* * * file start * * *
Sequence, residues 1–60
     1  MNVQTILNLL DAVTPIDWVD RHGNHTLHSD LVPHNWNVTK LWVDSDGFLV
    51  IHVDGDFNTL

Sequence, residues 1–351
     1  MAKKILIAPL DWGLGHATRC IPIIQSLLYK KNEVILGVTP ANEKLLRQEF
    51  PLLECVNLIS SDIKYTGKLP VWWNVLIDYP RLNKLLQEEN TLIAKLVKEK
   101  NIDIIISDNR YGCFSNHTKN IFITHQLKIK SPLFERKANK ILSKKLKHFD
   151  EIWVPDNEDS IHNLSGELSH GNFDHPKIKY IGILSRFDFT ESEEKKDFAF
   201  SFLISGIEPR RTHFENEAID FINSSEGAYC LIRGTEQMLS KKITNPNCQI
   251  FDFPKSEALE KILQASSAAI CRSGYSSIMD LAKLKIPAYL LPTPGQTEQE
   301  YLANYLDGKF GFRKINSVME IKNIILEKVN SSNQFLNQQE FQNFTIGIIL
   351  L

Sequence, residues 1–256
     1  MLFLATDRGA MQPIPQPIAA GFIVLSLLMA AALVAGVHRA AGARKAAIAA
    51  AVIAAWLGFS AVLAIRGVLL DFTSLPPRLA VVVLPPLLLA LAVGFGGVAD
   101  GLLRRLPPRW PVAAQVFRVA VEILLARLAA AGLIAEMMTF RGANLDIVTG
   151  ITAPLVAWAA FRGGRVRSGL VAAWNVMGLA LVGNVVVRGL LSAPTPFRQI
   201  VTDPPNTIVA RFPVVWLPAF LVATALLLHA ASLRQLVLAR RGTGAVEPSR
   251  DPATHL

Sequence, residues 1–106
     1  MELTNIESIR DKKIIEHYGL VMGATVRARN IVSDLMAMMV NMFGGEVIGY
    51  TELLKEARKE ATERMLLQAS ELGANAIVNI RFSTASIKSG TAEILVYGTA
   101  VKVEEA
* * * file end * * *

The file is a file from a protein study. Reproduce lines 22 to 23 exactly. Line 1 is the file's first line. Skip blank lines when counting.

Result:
    51  TELLKEARKE ATERMLLQAS ELGANAIVNI RFSTASIKSG TAEILVYGTA
   101  VKVEEA